Make history, not war

Mackenzie Clarke and Benjy Jude

In the shadow of the march and countermarch in Charlottesville, as well as the White House’s decision to roll back DACA, how do we, as Sequoia, want to be remembered? What does one of the most diverse student bodies in our neighboring districts want to say in response to the legal restrictions of our rights? Before a potential draft, how do we want to stop it? How do we want to be remembered?

Do we want to be remembered by Taylor Swift’s new album, or do we want to write our own songs? Do we want to be remembered by Game of Thrones merchandise, or to win our own game today? Do we want to be remembered for the Warriors’ historic championships, or our own? This year seemed to undermine the individual. We must reclaim ourselves.

2017 seems to be splitting the social and political chasm from sea to shining sea, compared to the world a hundred years ago. In a year where many of the same fears of entering a war, fighting in a war, fighting a racial war, and entering into a political war have appeared, how do we want to be remembered?

Our generation is capable of a whole lot of hate and ignorance, we see this plastered on social media, we hear it in crass language friends throw at one another from across the hallway. That’s the truth, plain and simple, that humans are capable of inciting unimaginable pain on one another, and this year has been an exemplary display of this. But what is hopeful to me is the amount of kindness and benevolence we are also capable of.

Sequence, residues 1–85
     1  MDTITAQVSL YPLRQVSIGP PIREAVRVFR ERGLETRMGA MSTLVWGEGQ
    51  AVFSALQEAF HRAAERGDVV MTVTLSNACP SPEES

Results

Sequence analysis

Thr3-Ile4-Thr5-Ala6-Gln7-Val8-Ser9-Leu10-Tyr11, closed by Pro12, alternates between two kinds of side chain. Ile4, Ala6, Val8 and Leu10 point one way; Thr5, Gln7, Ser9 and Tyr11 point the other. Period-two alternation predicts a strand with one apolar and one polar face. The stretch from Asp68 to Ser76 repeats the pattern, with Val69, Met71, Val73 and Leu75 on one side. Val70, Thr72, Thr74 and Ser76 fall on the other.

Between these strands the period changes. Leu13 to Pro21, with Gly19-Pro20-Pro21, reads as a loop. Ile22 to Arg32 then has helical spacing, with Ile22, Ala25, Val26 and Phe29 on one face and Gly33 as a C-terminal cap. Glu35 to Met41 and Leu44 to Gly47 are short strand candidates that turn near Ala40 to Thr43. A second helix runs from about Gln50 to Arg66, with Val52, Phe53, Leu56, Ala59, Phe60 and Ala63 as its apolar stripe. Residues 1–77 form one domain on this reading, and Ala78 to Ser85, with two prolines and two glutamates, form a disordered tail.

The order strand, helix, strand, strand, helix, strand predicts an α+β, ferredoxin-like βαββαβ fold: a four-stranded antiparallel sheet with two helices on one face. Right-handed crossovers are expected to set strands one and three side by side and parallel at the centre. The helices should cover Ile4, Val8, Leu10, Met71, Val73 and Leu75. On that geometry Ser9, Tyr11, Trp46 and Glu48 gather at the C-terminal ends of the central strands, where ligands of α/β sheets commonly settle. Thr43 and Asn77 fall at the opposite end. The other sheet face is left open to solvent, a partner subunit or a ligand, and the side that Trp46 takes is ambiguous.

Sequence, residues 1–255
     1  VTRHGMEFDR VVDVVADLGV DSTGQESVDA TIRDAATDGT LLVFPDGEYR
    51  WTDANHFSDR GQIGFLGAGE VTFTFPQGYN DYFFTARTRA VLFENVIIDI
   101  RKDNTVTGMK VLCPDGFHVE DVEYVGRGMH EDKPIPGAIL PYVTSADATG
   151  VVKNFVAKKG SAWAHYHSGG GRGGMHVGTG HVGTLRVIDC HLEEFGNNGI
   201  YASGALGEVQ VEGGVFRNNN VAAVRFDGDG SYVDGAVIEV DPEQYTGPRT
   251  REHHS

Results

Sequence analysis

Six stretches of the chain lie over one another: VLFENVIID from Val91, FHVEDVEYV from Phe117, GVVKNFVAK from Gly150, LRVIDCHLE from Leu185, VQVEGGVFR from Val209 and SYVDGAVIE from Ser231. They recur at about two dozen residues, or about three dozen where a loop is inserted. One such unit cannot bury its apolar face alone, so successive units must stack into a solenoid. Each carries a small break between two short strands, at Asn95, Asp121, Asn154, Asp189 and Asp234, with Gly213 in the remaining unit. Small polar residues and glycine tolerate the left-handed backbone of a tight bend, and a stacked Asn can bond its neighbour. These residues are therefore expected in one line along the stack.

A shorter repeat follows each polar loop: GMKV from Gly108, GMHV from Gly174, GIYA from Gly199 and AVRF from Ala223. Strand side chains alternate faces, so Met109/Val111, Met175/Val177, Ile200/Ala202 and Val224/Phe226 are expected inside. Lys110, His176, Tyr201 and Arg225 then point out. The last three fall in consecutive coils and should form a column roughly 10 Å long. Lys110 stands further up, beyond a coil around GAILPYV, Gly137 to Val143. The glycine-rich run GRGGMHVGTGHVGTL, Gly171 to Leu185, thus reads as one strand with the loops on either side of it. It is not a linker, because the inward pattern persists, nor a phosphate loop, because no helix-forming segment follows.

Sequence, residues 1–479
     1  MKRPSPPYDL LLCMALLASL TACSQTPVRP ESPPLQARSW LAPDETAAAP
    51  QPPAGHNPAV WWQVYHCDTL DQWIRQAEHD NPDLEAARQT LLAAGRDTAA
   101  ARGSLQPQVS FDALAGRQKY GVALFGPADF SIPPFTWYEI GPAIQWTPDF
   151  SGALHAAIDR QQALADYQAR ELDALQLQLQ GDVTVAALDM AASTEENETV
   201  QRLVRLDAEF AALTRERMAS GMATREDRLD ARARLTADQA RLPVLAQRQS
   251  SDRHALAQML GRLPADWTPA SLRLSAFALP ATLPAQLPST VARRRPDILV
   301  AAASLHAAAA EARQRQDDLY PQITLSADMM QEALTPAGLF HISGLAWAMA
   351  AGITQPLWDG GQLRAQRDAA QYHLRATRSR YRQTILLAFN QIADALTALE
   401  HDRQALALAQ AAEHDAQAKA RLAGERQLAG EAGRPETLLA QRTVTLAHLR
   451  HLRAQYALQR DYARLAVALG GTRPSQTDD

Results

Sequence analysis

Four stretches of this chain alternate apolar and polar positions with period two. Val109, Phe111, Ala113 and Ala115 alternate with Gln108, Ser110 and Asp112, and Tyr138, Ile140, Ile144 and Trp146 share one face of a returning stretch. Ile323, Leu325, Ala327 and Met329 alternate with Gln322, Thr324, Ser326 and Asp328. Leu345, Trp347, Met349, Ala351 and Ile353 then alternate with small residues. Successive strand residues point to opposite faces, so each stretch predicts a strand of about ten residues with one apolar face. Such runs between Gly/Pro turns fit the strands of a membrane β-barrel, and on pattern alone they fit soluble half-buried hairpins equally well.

We can make our own future. We can change our own present. We can demand that we will be remembered as the generation that changed the world.

Malala Yousafzai, an individual all of our generation should be remembered for, said, “One child, one teacher, one book, one pen can change the world.” So it’s a damn good thing that we’re a school of 2100 students and over 500 staff.

We are dreamers who dream of a better future, students who will teach a better lesson than the one Charlottesville is writing in our name. We are teachers who educate the future, and writers who will speak out against hatred. We are a group who will not let others identify us, and individuals who will not be separated.

That’s what we should leave behind. That’s what we will leave behind: a legacy of compassion, activism and pride.